Gendered Geographies of Genetic Variation
Catherine Nash, the author of Gendered Geographies of Genetic Variation: Sex, Power and Mobility in Human Population Genetics, introduces her article. By making reference to other research in order to situate the topic (Nash , 2012). This introduction frames the coming argument and extensive discussion. By categorically stating that the prehistoric human migration patterns, as well as the current geographies of people’s genetic diversity brought about by human population geneticists, are now open for critical scrutiny. In addition, Nash notes that population geneticists also serve to reconstruct much of the historical geography of people’s origins.
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At the finale of the article, the author reaffirms her thesis by stating that the main function of the article in human population genetics is simply to explain various patterns as observed in genetic variation. According to Nash, this has been achieved through different accounts of social organization of reproduction. However, the author mentions that the social and cultural factors at a fundamental level are as universalized as they are renaturalised. As such, culture, which is obviously the newest form of genetic investigation, now becomes closer to nature in the gendered geographies of genetic variation.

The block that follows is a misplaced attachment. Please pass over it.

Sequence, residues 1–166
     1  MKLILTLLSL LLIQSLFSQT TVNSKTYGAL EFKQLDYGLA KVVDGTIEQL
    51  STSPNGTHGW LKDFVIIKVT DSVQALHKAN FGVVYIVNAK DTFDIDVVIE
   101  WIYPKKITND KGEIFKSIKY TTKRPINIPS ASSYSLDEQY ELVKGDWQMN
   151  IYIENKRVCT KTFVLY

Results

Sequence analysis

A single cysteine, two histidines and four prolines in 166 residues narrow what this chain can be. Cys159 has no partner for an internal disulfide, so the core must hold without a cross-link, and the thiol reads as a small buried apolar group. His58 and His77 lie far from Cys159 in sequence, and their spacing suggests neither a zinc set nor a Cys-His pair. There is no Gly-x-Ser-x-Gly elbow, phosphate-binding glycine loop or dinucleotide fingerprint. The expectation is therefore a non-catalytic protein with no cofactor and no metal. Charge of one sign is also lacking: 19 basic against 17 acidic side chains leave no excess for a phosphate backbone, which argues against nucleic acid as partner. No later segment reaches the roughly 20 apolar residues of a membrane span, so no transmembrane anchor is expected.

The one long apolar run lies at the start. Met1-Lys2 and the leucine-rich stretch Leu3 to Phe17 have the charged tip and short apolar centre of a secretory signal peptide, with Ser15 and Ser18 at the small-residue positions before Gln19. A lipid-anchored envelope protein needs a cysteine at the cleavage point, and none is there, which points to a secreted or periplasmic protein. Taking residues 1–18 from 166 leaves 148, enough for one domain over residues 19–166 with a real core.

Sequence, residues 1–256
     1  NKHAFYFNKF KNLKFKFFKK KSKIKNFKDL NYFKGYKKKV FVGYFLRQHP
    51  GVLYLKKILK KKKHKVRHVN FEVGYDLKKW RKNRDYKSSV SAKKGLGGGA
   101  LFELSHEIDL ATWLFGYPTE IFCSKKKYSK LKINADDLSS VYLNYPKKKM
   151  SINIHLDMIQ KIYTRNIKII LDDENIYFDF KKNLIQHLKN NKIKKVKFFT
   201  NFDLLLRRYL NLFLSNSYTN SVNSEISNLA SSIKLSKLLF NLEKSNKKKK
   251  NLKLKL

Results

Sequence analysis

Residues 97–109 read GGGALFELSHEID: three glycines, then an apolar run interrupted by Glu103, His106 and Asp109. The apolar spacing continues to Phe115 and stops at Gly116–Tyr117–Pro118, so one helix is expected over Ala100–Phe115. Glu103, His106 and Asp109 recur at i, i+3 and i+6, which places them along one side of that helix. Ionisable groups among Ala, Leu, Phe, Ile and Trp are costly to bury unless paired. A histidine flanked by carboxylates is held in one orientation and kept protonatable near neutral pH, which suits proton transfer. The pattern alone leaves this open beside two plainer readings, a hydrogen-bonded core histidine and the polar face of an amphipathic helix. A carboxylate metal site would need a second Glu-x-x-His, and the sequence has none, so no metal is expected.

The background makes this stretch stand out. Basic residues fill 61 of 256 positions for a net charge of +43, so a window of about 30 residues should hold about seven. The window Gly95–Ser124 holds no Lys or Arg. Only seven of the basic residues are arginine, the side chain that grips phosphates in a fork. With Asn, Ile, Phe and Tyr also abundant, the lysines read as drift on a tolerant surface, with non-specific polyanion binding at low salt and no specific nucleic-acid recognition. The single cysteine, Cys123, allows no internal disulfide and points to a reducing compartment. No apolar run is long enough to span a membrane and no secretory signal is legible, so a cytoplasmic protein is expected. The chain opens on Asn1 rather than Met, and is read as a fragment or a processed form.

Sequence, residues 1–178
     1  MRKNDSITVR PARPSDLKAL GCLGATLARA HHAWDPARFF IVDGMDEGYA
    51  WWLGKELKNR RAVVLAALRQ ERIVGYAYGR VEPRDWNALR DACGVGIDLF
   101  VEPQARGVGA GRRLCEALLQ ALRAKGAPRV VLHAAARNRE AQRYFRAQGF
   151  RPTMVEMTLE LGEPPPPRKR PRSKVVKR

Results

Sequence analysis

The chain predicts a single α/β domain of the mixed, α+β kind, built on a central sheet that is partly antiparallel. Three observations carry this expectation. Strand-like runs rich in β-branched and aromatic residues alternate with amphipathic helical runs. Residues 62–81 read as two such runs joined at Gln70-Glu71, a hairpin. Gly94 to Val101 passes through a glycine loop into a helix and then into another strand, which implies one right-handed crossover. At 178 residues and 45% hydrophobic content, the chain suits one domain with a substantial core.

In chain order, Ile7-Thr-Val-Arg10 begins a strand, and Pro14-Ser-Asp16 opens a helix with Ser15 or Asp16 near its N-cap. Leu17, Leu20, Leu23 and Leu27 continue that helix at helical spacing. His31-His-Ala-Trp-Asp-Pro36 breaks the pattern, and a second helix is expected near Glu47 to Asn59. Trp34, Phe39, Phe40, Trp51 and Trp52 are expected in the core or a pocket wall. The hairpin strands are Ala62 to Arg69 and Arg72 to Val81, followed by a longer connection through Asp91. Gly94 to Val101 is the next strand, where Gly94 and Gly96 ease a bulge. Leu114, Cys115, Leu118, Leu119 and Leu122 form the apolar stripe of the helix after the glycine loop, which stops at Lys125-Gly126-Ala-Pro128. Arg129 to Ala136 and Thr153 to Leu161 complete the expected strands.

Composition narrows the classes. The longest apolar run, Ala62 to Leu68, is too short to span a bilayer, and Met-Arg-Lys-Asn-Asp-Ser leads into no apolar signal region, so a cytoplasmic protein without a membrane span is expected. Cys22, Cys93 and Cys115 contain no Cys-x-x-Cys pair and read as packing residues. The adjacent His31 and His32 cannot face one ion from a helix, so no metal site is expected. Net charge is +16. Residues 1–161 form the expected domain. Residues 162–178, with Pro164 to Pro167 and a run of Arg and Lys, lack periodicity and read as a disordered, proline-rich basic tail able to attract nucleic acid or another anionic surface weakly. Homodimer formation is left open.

Nash , C. (2012). Gendered geographies of genetic variation: sex, power and mobility in human population genetics, Gender, Place & Culture. A Journal of Feminist Geography, 19:4, 409-428.
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